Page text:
A697 road reopened after lorry carrying radioactive material crashed

Police have reopened a road in Northumberland where a lorry carrying radioactive material crashed

The scene after a lorry crashed on the A697 near Whittingham
The scene after a lorry crashed on the A697 near Whittingham

Police last night re-opened an A road through Northumberland more than a day after a lorry carrying radioactive material crashed.

Northumbria Police and the Environment Agency removed the vehicle from the A697 near Rothbury by 5.30pm and the road was reopened in both directions.

Earlier in the day, police revealed there had been some leakage of the substance being carried by the lorry although the agency insisted it had not spilled from the vehicle.

The lorry came off the road and overturned near High Learchild Farm, North of Thrunton, at 3.30pm on Tuesday.

Police and the agency attended, while Northumberland Fire and Rescue Service sent two crews, from Alnwick and Wooler.

The driver of the lorry suffered minor injuries but did not require hospital treatment.

 

Concerns over the load the lorry was carrying caused the A697 to be closed in both directions between its junctions at Rothbury and the Bridge of Aln pub.

The fire crews left the incident to police and the agency later on Monday, with a spokesman saying the substance involved posed no danger.

Agency officials then revealed the vehicle had been carrying 67 drums of waste material from the oil and gas industry, which contained “low level naturally-occurring radioactive material”.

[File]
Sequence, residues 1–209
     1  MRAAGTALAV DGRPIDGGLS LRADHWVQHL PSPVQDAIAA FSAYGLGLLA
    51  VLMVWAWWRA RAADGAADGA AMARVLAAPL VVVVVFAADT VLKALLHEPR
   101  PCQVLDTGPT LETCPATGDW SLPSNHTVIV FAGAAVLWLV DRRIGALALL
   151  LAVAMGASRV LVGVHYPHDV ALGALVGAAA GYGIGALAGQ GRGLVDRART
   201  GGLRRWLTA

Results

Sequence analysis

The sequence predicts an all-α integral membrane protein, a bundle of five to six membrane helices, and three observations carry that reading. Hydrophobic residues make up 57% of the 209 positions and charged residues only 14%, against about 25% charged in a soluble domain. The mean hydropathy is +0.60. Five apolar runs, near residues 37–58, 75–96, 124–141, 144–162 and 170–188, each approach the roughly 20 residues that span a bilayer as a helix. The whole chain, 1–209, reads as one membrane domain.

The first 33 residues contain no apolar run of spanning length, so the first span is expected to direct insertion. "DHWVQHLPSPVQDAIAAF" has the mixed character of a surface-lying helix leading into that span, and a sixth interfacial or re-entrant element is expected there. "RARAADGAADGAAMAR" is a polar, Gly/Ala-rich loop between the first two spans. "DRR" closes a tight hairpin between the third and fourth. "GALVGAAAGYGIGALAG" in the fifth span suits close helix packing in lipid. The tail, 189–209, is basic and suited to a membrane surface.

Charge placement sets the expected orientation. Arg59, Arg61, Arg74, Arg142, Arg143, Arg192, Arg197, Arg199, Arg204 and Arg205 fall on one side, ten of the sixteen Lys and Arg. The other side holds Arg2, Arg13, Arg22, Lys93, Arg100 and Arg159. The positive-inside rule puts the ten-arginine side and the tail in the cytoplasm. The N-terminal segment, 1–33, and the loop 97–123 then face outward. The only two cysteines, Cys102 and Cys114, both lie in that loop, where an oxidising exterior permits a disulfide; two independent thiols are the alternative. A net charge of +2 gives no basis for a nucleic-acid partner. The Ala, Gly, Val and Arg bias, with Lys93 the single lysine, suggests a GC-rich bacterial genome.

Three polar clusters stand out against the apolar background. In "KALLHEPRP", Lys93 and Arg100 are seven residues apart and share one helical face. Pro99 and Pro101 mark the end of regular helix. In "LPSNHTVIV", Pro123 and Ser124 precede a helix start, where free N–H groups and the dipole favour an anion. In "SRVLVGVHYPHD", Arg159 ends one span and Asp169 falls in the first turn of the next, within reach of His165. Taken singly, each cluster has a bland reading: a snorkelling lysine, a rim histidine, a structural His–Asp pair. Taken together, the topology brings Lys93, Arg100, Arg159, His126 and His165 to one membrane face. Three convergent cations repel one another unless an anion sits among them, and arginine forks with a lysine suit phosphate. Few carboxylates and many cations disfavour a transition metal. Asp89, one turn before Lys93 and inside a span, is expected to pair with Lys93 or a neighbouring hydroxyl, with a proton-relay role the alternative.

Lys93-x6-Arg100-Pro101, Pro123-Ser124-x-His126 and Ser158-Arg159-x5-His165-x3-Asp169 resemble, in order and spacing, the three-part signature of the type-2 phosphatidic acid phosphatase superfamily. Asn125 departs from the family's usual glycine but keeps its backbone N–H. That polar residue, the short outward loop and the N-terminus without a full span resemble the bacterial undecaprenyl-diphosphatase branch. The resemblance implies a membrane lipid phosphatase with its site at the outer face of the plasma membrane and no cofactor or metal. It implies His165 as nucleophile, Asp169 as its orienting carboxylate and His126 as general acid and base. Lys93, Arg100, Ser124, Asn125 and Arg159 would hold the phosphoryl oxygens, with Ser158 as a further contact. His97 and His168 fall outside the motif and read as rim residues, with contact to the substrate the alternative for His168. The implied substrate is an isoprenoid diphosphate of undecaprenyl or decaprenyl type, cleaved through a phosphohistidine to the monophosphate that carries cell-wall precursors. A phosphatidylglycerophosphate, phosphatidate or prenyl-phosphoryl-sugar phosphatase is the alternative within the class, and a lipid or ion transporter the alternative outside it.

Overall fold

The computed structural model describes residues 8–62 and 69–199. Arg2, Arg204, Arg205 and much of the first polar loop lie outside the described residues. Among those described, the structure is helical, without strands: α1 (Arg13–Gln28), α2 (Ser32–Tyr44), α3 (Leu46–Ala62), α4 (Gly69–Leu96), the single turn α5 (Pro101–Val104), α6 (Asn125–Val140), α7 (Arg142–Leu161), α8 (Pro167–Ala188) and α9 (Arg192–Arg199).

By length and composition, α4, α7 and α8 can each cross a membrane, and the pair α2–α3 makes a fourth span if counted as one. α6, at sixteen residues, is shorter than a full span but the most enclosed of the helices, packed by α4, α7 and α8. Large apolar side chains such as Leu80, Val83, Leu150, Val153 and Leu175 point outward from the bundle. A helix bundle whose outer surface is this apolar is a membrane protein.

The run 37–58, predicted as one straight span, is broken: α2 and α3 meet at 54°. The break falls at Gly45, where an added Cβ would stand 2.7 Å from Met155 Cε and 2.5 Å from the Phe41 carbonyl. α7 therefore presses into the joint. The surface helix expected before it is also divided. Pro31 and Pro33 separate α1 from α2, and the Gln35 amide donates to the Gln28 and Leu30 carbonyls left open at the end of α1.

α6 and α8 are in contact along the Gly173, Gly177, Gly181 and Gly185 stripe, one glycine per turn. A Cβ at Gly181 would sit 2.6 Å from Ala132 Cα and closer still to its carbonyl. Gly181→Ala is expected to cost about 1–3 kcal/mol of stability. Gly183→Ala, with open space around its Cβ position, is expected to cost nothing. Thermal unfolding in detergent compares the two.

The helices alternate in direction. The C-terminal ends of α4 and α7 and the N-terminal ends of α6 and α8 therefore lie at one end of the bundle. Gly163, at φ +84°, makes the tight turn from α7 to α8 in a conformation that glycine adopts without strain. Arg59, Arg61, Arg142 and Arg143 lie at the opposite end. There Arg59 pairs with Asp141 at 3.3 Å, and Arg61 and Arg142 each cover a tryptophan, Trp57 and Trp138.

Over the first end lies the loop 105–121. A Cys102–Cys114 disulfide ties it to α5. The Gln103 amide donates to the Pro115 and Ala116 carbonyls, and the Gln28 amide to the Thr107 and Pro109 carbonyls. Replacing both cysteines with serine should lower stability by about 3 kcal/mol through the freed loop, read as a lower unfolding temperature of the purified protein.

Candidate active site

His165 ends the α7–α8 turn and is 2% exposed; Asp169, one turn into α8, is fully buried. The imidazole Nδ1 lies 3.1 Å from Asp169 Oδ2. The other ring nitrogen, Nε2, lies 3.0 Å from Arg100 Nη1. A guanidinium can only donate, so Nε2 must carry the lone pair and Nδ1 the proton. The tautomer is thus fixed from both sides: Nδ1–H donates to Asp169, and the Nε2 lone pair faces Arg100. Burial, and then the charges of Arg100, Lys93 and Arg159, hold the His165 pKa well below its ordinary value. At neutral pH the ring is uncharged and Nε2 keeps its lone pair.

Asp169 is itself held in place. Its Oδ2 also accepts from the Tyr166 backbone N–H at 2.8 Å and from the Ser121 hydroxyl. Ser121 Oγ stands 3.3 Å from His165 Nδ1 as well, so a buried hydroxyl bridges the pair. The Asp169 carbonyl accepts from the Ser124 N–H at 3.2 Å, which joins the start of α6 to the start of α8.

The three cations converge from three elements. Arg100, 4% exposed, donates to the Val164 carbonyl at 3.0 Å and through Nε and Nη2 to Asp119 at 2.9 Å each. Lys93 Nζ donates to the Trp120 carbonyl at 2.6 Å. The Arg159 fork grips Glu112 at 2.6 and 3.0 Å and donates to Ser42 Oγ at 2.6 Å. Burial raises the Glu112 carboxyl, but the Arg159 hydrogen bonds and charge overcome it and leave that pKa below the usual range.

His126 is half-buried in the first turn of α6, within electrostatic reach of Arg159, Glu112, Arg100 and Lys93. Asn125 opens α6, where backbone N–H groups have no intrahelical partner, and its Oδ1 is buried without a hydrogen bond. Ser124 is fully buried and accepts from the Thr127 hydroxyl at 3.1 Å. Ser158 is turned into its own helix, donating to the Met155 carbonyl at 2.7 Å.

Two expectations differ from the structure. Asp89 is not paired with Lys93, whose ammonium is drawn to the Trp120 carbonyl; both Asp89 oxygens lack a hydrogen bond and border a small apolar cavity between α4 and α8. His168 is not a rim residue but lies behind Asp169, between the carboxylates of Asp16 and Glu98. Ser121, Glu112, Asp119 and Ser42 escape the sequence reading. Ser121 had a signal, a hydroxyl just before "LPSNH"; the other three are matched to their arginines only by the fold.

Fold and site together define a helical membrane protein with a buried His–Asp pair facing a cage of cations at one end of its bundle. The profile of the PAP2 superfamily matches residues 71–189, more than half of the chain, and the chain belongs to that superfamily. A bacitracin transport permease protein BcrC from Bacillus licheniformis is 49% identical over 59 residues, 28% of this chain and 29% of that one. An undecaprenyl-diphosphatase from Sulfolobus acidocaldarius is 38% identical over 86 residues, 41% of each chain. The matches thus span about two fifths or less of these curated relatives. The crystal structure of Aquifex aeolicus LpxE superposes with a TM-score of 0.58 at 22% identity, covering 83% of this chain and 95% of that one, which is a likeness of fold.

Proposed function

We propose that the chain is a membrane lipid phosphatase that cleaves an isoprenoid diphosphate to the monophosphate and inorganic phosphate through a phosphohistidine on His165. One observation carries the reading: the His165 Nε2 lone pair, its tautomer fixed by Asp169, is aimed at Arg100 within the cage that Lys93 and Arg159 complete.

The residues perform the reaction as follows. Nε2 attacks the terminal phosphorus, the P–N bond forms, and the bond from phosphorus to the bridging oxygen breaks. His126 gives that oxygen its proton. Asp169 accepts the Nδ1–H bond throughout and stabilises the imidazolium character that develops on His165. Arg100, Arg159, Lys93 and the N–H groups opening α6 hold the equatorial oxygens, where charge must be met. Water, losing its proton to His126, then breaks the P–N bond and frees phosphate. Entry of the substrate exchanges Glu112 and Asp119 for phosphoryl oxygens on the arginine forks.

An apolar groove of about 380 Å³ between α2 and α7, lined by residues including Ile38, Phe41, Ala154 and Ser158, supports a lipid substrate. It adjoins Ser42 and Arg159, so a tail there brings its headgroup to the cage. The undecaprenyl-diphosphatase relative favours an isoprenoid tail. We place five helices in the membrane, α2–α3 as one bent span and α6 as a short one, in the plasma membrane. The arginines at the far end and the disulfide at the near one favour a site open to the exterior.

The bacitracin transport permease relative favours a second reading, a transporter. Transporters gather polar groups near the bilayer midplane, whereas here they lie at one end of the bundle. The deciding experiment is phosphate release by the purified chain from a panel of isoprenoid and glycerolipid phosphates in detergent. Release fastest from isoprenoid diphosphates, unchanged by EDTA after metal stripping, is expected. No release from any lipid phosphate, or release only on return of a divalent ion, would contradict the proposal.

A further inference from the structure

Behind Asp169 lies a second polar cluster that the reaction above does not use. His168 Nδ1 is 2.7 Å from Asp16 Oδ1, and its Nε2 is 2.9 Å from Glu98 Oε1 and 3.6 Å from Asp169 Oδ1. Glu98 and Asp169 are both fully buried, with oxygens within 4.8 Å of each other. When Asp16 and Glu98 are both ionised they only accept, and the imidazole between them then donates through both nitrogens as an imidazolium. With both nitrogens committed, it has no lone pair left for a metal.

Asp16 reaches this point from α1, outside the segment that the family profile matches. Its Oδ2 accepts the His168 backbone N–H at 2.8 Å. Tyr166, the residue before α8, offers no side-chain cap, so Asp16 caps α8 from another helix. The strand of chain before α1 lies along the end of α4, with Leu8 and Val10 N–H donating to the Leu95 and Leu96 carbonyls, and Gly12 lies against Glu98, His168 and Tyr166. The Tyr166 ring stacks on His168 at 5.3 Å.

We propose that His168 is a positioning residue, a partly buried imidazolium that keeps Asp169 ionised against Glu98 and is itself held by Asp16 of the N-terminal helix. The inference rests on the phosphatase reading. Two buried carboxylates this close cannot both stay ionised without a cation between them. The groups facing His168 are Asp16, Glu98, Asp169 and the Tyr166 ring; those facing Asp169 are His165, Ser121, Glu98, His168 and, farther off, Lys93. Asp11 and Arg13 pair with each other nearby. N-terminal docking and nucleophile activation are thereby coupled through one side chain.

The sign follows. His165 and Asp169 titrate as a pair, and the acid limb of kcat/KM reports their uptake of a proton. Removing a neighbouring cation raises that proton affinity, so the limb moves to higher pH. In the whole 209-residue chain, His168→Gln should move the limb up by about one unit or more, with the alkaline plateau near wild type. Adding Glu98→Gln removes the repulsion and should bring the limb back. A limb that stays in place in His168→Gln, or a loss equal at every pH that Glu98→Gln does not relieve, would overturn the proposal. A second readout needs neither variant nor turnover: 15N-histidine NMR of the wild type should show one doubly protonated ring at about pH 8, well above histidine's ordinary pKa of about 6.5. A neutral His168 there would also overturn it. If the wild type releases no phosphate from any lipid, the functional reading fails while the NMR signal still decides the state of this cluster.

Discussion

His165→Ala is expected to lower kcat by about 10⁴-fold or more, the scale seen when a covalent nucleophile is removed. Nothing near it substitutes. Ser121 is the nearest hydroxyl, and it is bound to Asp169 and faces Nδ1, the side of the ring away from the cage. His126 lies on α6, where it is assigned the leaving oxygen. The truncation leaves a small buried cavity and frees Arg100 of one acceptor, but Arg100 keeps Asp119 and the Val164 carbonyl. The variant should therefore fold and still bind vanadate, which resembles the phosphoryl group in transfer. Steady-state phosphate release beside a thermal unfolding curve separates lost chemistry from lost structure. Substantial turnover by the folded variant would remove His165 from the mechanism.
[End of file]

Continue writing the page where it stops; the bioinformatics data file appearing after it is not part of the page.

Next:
Their spokesman said: “This material is classed as the lowest level of radioactivity; it is naturally occurring, and is very viscous, meaning that it is not likely to flow away from the scene.”

Police said later that night they were satisfied the material had remained in the drums and not leaked or spilled onto the surrounding area.

However, yesterday morning officers revealed that a further assessment by specialists had shown that a small number of the canisters had “leaked slightly”.

The agency said “about” six of the drums had been damaged and that some of the material had spilled into the lorry’s trailer. However, officials said there was “no evidence” that any of the material had escaped from the vehicle.

 

Due to the nature of the substance, it was necessary for each canister to be removed from the lorry individually.

This was done during the course of the day with only the vehicle needing to be removed, to allow the road to reopen.

Superintendent Gillian Mitchell said: “Due to the nature of the material on the lorry it was necessary for each canister to be removed individually, this has now been done”Supt Mitchell said the co-operation between agencies helped to get the road re-open, and thanked motorists and the local community for their understanding during the disruption that had been caused.

An agency spokesman said earlier in the day: “It is understood that about six of the drums have been damaged in the incident, and that some of the material has spilled into the lorry’s trailer.

“However, there is no evidence that any of the material has escaped from the vehicle.

“Our partner agencies arranged for the safe removal of the drums and the lorry. Environment Agency officers are also on site, and we haven’t found any evidence of any impact on local watercourses or groundwater.”

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